Trading was halted Friday afternoon pending the revised outlook.
BlackBerry aims to cut its operating costs in half by the end of the first quarter of 2015, the company said in a statement.
That will involve restructuring and a streamlined smartphone portfolio consisting of just four products – two high-end devices and two entry-level devices.
Once a leader in the smartphone market, BlackBerry expects to report sales of 3.7 million phones in the quarter. That compares with Samsung's 71.3 million phones and Apple's 31.9 million in the same quarter.
The company confirmed the poor performance of the Z10 devices released earlier this year, saying it expects a “non-cash, pre-tax charge against inventory and supply commitments in the second quarter of approximately $930 million to $960 million, which is primarily attributable to BlackBerry Z10 devices.”
The Z10 smartphones were well received by critics but have sold poorly in many of BlackBerry’s key markets, including the U.S.
The company had anticipated an operating loss in the second quarter, but the adjusted net loss is much higher than anticipated.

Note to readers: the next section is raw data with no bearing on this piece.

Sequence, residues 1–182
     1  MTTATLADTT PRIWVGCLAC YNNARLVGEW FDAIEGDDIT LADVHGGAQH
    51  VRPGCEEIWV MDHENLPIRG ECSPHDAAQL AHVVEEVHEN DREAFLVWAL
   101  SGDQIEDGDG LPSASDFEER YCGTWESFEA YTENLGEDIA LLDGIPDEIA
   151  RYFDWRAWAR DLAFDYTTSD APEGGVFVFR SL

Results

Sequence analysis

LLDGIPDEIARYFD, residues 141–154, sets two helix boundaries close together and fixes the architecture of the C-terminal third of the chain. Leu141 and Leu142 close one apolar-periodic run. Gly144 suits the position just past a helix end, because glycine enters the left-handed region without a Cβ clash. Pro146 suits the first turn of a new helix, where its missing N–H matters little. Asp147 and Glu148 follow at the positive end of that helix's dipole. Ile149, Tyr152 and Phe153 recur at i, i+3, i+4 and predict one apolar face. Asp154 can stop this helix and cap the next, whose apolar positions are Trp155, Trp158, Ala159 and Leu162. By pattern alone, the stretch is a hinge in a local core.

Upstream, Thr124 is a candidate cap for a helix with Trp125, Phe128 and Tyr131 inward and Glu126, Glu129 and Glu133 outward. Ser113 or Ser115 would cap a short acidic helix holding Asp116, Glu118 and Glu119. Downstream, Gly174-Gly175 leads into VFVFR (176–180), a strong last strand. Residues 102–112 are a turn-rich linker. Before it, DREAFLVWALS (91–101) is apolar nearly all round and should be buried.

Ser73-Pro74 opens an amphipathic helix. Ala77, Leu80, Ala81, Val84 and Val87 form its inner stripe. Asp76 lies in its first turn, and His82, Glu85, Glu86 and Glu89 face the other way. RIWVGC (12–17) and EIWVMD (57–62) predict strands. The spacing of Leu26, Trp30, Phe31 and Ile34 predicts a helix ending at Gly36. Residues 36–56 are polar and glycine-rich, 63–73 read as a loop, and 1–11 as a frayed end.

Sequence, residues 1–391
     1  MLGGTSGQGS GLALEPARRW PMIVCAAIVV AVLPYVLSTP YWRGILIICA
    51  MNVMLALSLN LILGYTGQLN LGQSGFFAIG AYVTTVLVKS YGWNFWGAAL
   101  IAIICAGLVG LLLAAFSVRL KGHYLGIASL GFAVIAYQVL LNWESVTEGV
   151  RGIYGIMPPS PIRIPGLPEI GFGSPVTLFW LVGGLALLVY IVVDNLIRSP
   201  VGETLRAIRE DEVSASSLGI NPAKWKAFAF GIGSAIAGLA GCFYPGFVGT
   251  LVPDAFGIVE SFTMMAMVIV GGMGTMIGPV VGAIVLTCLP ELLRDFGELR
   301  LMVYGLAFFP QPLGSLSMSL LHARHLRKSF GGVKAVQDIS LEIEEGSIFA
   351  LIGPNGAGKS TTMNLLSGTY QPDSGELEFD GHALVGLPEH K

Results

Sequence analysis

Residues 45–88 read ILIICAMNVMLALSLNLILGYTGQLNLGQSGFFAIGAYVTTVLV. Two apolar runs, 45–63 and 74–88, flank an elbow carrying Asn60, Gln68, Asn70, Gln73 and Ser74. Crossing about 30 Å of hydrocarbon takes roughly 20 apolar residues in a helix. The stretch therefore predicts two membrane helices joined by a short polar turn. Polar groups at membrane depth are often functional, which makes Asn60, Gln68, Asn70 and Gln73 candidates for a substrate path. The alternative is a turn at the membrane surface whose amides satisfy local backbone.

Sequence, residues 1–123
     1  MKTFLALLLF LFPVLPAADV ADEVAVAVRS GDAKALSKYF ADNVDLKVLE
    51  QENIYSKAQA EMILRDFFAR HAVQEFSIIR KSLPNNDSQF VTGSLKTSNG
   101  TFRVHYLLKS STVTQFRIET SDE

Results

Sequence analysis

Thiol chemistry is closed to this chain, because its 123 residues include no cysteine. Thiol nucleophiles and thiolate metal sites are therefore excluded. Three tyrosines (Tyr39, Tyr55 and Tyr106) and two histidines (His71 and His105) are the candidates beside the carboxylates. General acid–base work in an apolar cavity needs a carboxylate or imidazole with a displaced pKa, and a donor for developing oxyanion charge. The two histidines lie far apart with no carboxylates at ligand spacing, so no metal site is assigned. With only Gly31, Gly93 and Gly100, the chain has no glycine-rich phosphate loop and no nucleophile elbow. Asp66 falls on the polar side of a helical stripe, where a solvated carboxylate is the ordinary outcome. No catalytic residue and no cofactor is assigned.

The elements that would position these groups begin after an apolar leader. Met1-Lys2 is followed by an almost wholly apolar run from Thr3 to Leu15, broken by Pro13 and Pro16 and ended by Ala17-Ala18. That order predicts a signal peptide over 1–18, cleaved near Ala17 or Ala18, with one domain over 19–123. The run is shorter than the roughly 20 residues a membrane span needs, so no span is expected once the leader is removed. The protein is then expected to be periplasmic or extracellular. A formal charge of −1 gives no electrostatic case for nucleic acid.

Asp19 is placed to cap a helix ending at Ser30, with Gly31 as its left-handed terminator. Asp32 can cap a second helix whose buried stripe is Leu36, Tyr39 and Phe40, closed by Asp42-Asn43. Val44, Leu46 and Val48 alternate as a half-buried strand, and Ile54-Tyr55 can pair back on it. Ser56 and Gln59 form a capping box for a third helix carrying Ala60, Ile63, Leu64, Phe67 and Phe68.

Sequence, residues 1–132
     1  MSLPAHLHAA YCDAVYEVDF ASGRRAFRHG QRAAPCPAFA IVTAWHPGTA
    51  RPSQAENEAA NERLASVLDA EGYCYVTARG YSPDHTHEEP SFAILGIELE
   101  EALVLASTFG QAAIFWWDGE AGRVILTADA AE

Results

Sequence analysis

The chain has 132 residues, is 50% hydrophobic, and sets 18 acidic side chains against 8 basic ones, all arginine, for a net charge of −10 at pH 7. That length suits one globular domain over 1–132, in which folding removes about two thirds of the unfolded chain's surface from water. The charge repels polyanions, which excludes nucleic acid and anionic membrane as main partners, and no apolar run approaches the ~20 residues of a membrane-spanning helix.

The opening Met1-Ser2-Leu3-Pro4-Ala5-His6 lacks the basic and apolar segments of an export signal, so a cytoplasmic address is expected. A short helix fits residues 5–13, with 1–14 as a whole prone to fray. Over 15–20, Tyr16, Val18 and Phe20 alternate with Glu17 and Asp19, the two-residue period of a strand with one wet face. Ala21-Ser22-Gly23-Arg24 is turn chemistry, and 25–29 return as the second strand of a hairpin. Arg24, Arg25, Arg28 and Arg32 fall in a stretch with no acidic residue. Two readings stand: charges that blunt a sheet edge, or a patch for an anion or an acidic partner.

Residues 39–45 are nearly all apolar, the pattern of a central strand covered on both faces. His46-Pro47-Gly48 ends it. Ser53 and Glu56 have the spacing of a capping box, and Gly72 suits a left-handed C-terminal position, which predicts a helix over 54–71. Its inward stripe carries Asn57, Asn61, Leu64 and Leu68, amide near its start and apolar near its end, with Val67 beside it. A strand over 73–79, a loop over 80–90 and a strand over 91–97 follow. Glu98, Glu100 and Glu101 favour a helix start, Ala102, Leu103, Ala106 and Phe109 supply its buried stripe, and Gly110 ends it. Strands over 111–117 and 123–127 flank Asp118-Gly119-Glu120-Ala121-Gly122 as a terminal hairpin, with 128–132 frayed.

BlackBerry said it will re-tier the Z10 smartphone to make it available to a broader, entry-level audience and develop the next Z30 as a high-tier smartphone.
President Thorsten Heins said the announced changes were “difficult, but necessary.”
“Going forward, we plan to refocus our offering on our end-to-end solution of hardware, software and services for enterprises and the productive,professional end user. This puts us squarely on target with the customers that helped build BlackBerry into the leading brand today for enterprise security, manageability and reliability," he said.
A writedown of inventory is a move calculated to attract a buyer for the troubled company which signalled in July that it was looking for new investments.
Massive cuts to the hardware business, where BlackBerry has lost market share to Samsung and Apple, could help the firm refocus on its well-regarded messaging software.
BlackBerry shares were down more than 17 per cent at the close of trading in Toronto at $8.73.